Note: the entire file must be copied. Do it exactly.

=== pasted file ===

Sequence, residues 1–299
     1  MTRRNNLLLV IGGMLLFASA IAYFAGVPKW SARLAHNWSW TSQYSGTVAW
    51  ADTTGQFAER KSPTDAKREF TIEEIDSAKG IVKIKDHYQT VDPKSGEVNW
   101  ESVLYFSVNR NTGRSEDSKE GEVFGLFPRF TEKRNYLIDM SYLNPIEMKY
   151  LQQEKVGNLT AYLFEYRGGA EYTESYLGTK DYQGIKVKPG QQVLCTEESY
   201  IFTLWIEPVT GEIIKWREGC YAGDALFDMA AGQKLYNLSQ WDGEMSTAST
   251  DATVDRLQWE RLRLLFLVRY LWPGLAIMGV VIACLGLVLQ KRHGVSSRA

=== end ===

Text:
Sequence, residues 1–299
     1  MTRRNNLLLV IGGMLLFASA IAYFAGVPKW SARLAHNWSW TSQYSGTVAW
    51  ADTTGQFAER KSPTDAKREF TIEEIDSAKG IVKIKDHYQT VDPKSGEVNW
   101  ESVLYFSVNR NTGRSEDSKE GEVFGLFPRF TEKRNYLIDM SYLNPIEMKY
   151  LQQEKVGNLT AYLFEYRGGA EYTESYLGTK DYQGIKVKPG QQVLCTEESY
   201  IFTLWIEPVT GEIIKWREGC YAGDALFDMA AGQKLYNLSQ WDGEMSTAST
   251  DATVDRLQWE RLRLLFLVRY LWPGLAIMGV VIACLGLVLQ KRHGVSSRA